I have never seen the harrowing war film, 'Saving Private Ryan' but the title has always intrigued me. It points to the story, the complications, of following one's heart to do good for another.
When I met Lasma, she was in a state of desperation. The purchase of medicine for her chronically ill mother used up all of the family's resources and Lasma had not been able to qualify for a grant to go to university. The spectre of perpetuating the poverty into which she had been born stared her in the face. She would have to kiss goodbye to her youth. Her friends had gone off to school and she was left behind to work in the fields. With tears in her eyes she defiantly claimed that she had honest hands that could do an honest day's work, that she would follow in the footsteps of her ancestors and there was no reason to feel shame.
I couldn't bear to see the unhappiness in this young woman who was so articulate and clearly so intelligent and deserving. I took her under my wing. It was a gradual process that took a few years, but now she is firmly lodged there, under my wing. I have committed to walk with her on her path and to confront the devil of poverty with her. Lasma and I are on a journey together. Where it will end we do not know. Where we want it to go is clear to both of us.
Lasma is a kind-hearted soul. She is bright and capable. Perhaps her only fault is her boundless sense of her own capacities. But this is also her greatest strength. It is the source of her positive 'can do' approach to everything. She shoulders every challenge thoughtfully and enthusiastically with both feet solidly on the ground. I know that this kind of drive in an individual can change the course of history. I don't try to correct her. I try to facilitate her dreams. I approve of them. Time will tell how far she will be able to run with the ball.
I try to put myself in her shoes. What would/could I do in her position? I dialogue with her, challenge her, think with her. What kind of course is strategic and effective? What is wise? I ask myself and her, what can I do as an outsider to clear away obstacles and facilitate her marching to her own drum? What are the needed interventions? I want to save her from that breaking point that I have seen far too often in the lives of young poverty-stricken Batak adults: that moment when they concede to poverty, when they know that they are defeated and are fated to never get ahead or achieve their dreams or realize their capacities and ambitions. This is the spectre that terrifies Lasma. It is what brought us together and continues to bind us: this need to present some opposition to the needless, senseless waste of talent and life!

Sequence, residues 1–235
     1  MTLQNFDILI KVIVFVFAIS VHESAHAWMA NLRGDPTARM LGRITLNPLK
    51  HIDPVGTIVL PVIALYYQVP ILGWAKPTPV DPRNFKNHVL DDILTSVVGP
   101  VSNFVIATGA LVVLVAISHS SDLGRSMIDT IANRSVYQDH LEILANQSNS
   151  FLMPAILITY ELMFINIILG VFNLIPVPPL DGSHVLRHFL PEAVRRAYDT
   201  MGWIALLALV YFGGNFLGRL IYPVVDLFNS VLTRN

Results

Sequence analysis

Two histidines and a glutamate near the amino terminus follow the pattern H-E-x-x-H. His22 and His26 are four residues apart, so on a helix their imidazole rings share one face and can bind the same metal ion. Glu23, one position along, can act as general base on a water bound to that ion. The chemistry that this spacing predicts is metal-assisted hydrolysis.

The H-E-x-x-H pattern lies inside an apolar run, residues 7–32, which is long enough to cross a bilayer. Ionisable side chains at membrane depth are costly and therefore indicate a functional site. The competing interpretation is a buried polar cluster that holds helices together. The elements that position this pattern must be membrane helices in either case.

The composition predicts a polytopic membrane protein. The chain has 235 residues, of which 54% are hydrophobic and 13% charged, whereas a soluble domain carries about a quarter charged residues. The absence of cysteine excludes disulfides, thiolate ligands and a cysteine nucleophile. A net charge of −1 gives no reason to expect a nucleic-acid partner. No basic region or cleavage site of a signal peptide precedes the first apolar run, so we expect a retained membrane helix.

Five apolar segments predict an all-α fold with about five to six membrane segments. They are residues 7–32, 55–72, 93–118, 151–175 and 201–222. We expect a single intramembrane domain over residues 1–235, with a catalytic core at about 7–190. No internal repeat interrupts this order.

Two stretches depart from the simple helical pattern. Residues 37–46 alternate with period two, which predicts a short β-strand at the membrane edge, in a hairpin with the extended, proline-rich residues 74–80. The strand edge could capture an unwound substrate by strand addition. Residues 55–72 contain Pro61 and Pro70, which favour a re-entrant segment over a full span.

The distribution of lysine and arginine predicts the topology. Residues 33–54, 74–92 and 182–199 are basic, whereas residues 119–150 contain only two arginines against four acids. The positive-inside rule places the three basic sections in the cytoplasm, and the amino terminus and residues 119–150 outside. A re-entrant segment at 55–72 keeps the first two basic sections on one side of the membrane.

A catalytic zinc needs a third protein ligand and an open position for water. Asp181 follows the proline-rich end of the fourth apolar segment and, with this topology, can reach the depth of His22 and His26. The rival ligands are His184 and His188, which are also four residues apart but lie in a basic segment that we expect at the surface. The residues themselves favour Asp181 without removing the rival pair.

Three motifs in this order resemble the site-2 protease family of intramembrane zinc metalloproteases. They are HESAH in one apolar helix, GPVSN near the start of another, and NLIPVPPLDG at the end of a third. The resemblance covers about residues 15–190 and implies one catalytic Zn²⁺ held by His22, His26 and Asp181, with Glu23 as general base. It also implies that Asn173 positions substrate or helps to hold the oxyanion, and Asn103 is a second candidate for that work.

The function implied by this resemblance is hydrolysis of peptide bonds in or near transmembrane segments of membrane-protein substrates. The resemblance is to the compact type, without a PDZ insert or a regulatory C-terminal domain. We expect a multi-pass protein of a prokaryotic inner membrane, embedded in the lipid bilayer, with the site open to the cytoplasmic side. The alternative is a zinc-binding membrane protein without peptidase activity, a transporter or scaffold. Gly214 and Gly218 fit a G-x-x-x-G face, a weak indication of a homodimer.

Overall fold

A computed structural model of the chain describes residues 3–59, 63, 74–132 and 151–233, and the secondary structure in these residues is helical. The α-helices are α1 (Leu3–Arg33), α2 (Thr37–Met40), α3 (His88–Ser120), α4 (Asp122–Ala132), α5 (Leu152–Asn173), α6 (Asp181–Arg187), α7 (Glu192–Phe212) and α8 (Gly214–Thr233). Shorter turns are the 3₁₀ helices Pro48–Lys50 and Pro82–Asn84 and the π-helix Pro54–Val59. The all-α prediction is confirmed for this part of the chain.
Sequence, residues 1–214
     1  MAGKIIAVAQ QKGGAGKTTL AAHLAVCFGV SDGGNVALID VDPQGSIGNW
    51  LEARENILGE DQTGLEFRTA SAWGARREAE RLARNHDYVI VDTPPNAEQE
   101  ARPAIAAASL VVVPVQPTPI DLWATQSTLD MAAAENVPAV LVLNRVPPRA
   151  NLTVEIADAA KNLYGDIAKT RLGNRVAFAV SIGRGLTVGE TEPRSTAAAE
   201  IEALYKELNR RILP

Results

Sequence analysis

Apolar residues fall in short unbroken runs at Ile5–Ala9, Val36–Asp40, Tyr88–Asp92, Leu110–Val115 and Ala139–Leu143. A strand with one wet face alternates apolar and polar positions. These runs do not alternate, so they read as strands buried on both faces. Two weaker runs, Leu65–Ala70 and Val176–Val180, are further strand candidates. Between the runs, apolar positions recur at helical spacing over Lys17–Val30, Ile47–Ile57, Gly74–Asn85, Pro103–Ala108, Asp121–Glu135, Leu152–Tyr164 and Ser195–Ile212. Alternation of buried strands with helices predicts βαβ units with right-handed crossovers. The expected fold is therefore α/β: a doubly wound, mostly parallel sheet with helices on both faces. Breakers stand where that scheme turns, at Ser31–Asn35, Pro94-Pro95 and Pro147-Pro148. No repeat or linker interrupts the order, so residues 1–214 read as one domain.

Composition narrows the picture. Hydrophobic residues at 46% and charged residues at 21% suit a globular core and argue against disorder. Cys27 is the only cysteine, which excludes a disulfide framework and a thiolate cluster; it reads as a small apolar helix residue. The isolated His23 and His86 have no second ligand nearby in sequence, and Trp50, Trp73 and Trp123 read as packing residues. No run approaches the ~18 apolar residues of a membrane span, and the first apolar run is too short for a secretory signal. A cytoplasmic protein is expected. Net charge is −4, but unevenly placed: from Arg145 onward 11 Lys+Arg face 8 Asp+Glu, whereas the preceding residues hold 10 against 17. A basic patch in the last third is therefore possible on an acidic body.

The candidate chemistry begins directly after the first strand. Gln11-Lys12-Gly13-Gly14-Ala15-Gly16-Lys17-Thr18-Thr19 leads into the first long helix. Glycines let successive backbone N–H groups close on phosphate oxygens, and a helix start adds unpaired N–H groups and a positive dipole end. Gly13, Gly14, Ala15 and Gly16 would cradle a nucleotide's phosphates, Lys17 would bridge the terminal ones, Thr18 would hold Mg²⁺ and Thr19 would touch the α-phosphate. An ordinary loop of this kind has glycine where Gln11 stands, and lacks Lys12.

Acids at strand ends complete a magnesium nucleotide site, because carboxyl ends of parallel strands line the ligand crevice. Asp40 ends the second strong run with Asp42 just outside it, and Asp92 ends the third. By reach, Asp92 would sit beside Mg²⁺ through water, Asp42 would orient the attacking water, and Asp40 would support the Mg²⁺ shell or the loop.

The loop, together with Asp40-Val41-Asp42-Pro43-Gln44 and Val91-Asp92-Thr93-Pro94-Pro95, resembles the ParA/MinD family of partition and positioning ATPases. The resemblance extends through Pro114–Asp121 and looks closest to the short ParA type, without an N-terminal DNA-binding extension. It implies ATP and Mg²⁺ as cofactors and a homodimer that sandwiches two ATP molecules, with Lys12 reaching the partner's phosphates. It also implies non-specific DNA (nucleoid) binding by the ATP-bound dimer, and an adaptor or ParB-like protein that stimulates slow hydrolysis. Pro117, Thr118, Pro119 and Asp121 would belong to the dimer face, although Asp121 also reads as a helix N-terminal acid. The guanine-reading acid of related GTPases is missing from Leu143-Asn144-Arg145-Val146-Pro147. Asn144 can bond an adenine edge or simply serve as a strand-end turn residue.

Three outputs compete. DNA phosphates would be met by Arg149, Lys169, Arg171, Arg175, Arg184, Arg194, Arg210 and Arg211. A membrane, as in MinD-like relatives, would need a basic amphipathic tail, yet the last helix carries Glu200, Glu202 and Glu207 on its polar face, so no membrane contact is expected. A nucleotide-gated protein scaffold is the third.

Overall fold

The question that Lasma and I share is huge. Where is the path that will give her a good, fulfilling existence? What does it mean to have a 'good' life? What does it mean to be fulfilled? These are existential, political, social, historical, cultural and environmental questions; the soul-searching is not just psychological and individual. The answer does not lie in tearing her away from her family and village and turning her into a relatively wealthy Westerner. The answer is so much more complex. It lies in negotiating a path that is appropriate for her within her culture, situation and environment. It would break her heart to become alienated from her home in any sense. She would not be able to live with herself. She cannot rest until her parents are secure in their old age and her neighbours are no longer suffering. She is not the kind of person who coûte que coûte will run off to seek gain for herself leaving the rest to face hardship. The path to her goal is not lying there waiting to be trod; it will have to be constructed while walking on it.
'Saving Lasma Sitanggang' means saving the whole village. It means struggling to answer the challenge of how to make a good life despite all the forces that slap down the little farmer in Indonesia. This past year alone, four people in her village have committed suicide for reasons related to poverty. Lasma wants to honour her cultural heritage as well as find her way through this world that champions only the value of money. For me, traveling with Lasma Sitanggang means being willing to share the burden on her shoulders, to help construct strategies that fit with her local circumstances, to construct ways that will give everyone a chance to win and climb out of the hole together. What we undertake, the interventions that we construct, must meet the criterion of serving the well being of the whole village.
This must be possible because the alternative is not bearable to consider.
Lasma is not the same as all the other people in her situation because I am there beside her making sure that she does not drown. That lightens her load a little, but it does not render her challenge easier. And I also must not flag.
|Life in the city is not what Lasma wants|
In future blogs I will write about our choices and selections. Saving Lasma Sitanggang is about a different kind of war, the everyday kind that we really have no choice but to fight.